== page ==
Cambridge Dictionaries online Cambridge Dictionaries online

The most popular online dictionary and thesaurus for learners of English

English definition of “negative”

See all translations

negative

adjective

negative adjective (NO)

   /ˈneɡ·ə·t̬ɪv/ expressing no or not, or expressing refusal: We received a negative answer to our request.    /ˈneɡ·ə·t̬ɪv/ A negative sentence or phrase is one that contains a word such as no, not, nor, never, or nothing.    /ˈneɡ·ə·t̬ɪv/ A medical test that is negative shows that you do not have that disease or condition.

negative adjective (NOT HAPPY)

   /ˈneɡ·ə·t̬ɪv/ not happy, hopeful, or approving; tending to consider only bad things: a negative attitude All the candidates in the mayoral campaign ran negative ads (= advertising saying bad things about each other).

negative adjective (LESS THAN ZERO)

algebra    /ˈneɡ·ə·t̬ɪv/ [not gradable] (of a number or amount) less than zero: negative numbers

negative adjective (ART)

art /ˈneɡ·ə·t̬ɪv/ (of spaces and shapes in a painting, statue, drawing, etc.) empty, or lacking objects or other particular features; background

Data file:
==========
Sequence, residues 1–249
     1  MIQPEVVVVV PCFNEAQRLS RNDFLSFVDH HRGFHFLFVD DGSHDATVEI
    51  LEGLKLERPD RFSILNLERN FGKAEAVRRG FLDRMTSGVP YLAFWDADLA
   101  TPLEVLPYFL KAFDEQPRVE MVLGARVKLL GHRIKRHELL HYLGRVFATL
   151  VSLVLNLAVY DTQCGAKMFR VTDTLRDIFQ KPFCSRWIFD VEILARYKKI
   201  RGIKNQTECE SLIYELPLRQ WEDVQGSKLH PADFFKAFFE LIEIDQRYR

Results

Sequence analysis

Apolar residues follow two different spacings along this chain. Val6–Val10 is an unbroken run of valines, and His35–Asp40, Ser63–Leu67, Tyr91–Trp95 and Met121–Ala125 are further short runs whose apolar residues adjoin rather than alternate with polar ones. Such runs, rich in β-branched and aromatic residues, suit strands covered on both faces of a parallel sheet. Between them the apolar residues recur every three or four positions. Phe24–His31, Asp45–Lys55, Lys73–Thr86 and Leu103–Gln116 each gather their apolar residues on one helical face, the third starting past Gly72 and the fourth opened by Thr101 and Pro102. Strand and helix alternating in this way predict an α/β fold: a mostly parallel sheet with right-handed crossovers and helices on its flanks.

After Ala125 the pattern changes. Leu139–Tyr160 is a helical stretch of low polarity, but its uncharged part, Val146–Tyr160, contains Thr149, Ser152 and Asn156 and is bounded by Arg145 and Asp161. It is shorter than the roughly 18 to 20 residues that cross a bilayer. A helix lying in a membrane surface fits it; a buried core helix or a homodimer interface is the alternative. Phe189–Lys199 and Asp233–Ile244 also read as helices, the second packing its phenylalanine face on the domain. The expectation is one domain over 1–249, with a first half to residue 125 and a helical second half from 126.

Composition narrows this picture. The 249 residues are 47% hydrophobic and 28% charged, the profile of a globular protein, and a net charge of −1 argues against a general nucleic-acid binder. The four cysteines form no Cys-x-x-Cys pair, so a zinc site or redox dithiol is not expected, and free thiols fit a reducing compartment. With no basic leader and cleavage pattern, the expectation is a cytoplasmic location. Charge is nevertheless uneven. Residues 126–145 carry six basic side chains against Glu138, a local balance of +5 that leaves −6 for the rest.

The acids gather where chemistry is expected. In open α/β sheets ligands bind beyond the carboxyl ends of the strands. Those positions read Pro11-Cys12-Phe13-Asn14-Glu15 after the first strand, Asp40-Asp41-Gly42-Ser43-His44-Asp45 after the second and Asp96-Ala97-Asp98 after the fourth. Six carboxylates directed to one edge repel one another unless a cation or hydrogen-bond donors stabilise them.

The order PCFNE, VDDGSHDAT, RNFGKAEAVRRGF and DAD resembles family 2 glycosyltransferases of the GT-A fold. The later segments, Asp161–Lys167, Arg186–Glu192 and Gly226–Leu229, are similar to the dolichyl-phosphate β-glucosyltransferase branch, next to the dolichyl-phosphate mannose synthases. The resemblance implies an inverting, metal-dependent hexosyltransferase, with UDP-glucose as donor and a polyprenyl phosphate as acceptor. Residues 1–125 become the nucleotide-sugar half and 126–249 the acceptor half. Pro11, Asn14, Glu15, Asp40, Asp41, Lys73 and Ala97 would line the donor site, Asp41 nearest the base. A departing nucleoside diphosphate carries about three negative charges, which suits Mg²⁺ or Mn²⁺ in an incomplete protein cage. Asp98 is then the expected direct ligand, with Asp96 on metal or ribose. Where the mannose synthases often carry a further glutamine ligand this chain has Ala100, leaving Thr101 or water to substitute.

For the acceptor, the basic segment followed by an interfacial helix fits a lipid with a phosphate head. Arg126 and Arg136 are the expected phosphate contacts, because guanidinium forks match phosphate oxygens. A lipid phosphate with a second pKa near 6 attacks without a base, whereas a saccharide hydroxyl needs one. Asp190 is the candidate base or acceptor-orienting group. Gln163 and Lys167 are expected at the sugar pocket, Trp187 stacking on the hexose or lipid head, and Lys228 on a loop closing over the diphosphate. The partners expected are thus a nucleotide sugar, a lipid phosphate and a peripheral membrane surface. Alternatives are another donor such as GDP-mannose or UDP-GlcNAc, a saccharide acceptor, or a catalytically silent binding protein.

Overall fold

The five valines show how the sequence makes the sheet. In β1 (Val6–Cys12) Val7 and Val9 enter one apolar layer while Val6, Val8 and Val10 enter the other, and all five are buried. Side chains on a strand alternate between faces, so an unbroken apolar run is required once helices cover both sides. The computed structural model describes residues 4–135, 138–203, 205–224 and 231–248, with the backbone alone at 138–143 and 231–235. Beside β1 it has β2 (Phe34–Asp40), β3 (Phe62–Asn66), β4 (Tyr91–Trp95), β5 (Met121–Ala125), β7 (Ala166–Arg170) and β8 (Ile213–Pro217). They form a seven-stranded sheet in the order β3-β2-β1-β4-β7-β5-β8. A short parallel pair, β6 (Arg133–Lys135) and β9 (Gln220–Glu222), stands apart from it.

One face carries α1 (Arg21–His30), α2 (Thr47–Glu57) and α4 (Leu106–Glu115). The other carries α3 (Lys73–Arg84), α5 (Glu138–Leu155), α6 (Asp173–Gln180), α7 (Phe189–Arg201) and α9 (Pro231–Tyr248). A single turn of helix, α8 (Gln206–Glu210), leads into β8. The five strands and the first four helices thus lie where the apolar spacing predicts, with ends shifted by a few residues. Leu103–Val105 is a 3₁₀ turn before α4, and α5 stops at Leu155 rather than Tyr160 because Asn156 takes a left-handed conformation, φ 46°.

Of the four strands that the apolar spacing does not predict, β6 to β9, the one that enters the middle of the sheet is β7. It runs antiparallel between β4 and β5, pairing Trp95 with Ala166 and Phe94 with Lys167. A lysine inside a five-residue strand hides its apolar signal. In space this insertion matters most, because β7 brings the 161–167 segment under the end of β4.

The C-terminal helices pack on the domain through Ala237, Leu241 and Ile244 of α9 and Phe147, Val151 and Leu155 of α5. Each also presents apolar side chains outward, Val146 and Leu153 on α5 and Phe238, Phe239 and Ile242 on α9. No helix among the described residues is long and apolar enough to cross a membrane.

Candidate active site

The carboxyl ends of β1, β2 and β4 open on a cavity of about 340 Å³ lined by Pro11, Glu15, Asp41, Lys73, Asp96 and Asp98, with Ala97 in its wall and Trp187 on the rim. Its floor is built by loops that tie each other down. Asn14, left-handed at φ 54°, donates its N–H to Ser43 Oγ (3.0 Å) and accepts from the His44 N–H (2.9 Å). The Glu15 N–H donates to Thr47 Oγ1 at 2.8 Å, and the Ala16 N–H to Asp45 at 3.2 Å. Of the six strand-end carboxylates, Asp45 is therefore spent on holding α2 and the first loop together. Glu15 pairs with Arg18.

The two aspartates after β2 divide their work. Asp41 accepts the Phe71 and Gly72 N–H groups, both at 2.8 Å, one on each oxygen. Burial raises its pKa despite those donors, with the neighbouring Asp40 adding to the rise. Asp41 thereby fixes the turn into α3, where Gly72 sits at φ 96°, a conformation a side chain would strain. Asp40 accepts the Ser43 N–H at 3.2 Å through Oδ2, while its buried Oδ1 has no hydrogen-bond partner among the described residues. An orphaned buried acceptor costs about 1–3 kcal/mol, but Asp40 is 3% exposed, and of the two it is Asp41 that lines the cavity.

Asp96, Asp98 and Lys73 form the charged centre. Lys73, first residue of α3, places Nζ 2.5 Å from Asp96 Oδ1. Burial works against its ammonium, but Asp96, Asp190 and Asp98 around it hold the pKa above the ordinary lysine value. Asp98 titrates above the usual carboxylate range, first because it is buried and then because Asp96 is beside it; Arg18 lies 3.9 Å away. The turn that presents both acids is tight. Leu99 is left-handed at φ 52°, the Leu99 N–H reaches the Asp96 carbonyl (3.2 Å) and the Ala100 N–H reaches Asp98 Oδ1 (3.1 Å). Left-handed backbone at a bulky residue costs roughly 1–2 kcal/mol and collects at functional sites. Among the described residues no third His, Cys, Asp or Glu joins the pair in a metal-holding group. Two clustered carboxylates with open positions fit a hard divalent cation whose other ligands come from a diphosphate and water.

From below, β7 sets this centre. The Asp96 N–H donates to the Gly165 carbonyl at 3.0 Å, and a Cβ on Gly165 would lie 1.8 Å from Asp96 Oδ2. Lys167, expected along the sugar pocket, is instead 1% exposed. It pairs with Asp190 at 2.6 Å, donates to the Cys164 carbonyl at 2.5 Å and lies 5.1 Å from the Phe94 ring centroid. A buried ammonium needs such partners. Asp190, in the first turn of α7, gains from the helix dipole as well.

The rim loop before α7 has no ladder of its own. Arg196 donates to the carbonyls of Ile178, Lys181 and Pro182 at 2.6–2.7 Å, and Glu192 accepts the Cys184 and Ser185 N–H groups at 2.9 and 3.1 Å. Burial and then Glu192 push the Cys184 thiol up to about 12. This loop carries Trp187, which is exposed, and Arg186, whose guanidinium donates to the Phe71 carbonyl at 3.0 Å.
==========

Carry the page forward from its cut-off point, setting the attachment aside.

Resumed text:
negative adjective (ELECTRICITY)

physics    /ˈneɡ·ə·t̬ɪv/ [not gradable] of the type of electrical charge that an electron has

negative

noun  /ˈneɡ·ə·t̬ɪv/ us  

negative noun (PHOTOGRAPH)

[C] a piece of film in which light areas appear dark and dark areas appear light, the opposite of how they will appear in the photograph made from it

negative noun (NO)

[C/U] a word, phrase, or statement that expresses no or not, or that expresses refusal: [U] The governor replied in the affirmative (= The governor said no).
(Definition of negative from the Cambridge Academic Content Dictionary © Cambridge University Press)
What is the pronunciation of negative?
Add Cambridge dictionaries to your browser to your website

More American English definitions for “negative”

Definitions of “negative” in other dictionaries

Word of the Day

comma

the symbol , used in writing to separate parts of a sentence showing a slight pause, or to separate the single things in a list

Word of the Day

Lies, lies, lies!

by Kate Woodford,
February 25, 2015
​​​ According to sociologists (=people who study the relationships between people living in groups), we are good at lying. As a species, we have developed a remarkable ability to deceive each other (= persuade each other that something false is true). Being able to say things that are not true can help with

Read More 

snapchat verb

March 02, 2015
to send someone a message using the photomessaging application Snapchat We used to have a thing until he got a girlfriend. now

Read More